Borrowing its title from the historic speech given by vice president Dick Cheney in the wake of 9/11, where he referred to the increased security and surveillance as "the new normalcy" of contemporary life, this exhibition features the work of thirteen artists that touch upon a number of issues regarding the shrinking boundaries between private and public spheres. Though this theme has been well explored in recent past exhibitions, what saves The New Normal from triteness is the diversity of the work, which not only touches upon the political but also the personal, and the ways in which we purposefully disclose aspects of our private lives.
Both Hasan Elahi and Sharif Waked directly confront heightened security measures through an exaggerated voluntary method that critically deconstructs such procedures. After being stopped and interrogated by the FBI at an airport in 2002, Bangladesh-born and U.S. based artist, Hasan Elahi, embarked on a project obsessively chronicling his financial doings and geographic whereabouts, with accompanying photo documentation, in order to create an indisputable alibi that would prove he was, in fact, not a terrorist. Elahi continues to periodically mail the U.S. government the gathered intel on himself and archives the material on-line at www.trackingtransience.net. In a similar absurdist manner, Sharif Waked's video Chic Point depicts a spoof runway show of men's haute couture, designed with the aggressive search procedures of the Israeli-Palestinian checkpoints in mind. Each garment exposes the chest and/or abdomen of its wearer, making the violation easier to perform during these frequent hostile strip searches. However, the poignant humor behind Chic Point dries up when the video ends with juxtaposed stills of actual Palestinian men in the act of experiencing such bodily humiliation.
Jumping to a less political and more sociological themed piece, Guthrie Lonergan's contribution to The New Normal is in the form of appropriated short videos taken from the social networking website MySpace, where a user records her/himself giving a brief introduction to their page. When presented in an art gallery decontextualized from their original source, what is revealed is the influence of reality television on a society that now more than ever has an urge to make public its private lives, as if we were the star of one of these programs. It is common in these MySpace intro videos for the user to ask its "audience" to leave messages for them on their page, even if they do not know who they are, which can be read as a plea for interconnection. This longing for interconnection in a digital age is something that this work shares in common with Miranda July and Harrell Fletcher 's Learning to Love You More. First initiated in 2002, Learning to Love You More asks the public via its website (www.learningtoloveyoumore.com) to submit their visual/textual/audio responses to a number of assignments that, in strange and peculiar ways, gets to the heart of what it is like to be human. On view in The New Normal are one of these assignments and a selection of its entries, which asked people to take a snapshot of the space between their bed and floor.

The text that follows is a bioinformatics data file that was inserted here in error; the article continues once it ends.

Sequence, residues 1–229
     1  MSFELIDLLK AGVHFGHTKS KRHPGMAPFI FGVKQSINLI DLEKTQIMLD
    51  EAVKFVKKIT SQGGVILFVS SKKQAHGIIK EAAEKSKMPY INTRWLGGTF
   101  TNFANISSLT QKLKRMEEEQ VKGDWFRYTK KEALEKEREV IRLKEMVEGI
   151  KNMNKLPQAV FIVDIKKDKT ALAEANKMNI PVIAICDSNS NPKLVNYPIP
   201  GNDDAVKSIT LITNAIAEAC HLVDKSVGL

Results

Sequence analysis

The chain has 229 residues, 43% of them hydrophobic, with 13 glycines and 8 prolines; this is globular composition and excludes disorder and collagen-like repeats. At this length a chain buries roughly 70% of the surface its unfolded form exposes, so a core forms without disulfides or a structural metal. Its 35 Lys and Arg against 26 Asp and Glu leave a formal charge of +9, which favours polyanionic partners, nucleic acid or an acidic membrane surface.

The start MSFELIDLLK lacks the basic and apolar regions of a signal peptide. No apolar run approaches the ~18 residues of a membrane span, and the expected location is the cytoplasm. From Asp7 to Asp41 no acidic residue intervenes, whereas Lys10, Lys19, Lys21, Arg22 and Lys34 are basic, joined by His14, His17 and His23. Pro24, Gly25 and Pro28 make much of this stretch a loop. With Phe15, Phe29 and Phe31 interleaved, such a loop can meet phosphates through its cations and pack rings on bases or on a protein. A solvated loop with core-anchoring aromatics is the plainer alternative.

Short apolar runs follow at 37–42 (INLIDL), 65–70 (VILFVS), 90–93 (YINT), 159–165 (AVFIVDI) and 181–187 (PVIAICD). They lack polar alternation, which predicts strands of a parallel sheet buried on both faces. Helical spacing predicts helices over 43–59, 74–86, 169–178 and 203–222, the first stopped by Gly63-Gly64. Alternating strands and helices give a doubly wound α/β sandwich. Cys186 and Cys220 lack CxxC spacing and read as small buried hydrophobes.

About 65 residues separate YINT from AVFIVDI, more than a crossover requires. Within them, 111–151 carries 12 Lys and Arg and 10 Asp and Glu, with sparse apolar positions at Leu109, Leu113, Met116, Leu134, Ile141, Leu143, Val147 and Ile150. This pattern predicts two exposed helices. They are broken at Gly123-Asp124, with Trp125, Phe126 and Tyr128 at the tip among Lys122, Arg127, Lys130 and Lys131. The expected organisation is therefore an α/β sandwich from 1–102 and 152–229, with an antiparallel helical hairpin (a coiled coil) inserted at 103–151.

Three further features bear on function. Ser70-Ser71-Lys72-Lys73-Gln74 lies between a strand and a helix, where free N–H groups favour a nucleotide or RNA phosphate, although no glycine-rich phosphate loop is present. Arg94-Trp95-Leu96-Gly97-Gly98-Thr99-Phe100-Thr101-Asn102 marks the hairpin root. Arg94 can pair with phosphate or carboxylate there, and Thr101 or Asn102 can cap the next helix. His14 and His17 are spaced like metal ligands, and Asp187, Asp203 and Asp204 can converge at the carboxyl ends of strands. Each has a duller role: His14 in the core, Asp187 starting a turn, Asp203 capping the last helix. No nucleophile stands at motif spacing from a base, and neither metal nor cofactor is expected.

What becomes evident throughout The New Normal is that for a number of political, technological, and social reasons, the boundaries between the private and the public - whether it be our bodies, our identities, or the spaces in which we occupy, are rapidly shrinking and that we play a complicit role in this process. The public disclosure of the private is not only a ramification of the Patriot Act, but also a desire for celebritydom, or interconnection; a weighty topic that makes for a timely exhibition and sparks rumination on the social and political fabric of society today.
Images: Guthrie Lonergan, Myspace Interviews; Sharif Waked, Chic Point. Courtesy Artists Space.